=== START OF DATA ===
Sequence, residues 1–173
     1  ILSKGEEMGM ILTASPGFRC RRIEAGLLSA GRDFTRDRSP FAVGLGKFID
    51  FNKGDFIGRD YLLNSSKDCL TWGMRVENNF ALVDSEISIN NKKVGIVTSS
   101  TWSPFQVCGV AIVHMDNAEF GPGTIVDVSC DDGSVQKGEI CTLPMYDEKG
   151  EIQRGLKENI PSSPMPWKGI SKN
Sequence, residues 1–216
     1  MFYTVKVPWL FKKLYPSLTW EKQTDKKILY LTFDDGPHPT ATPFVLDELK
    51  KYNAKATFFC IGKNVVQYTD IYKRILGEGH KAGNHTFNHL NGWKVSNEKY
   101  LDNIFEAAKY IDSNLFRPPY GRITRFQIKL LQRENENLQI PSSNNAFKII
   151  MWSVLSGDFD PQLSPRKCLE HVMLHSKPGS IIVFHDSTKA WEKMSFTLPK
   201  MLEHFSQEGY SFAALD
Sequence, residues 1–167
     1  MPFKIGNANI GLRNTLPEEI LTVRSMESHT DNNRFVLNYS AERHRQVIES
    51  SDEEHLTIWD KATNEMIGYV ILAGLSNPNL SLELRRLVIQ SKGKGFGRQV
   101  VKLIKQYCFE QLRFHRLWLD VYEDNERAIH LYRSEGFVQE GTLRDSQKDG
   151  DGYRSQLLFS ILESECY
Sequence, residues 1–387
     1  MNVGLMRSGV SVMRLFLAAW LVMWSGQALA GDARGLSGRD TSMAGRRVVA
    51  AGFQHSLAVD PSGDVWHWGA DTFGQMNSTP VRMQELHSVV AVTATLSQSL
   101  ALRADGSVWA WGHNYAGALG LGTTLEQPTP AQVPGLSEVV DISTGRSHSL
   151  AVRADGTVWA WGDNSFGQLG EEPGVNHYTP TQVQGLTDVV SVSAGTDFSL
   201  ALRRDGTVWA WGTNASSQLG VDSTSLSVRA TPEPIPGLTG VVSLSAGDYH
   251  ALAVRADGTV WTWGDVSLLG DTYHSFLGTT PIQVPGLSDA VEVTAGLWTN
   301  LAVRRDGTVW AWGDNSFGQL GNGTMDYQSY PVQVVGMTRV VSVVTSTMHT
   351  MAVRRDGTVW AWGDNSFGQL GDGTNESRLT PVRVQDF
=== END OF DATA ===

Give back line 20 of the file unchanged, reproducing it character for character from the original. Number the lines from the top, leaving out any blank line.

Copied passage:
   101  ALRADGSVWA WGHNYAGALG LGTTLEQPTP AQVPGLSEVV DISTGRSHSL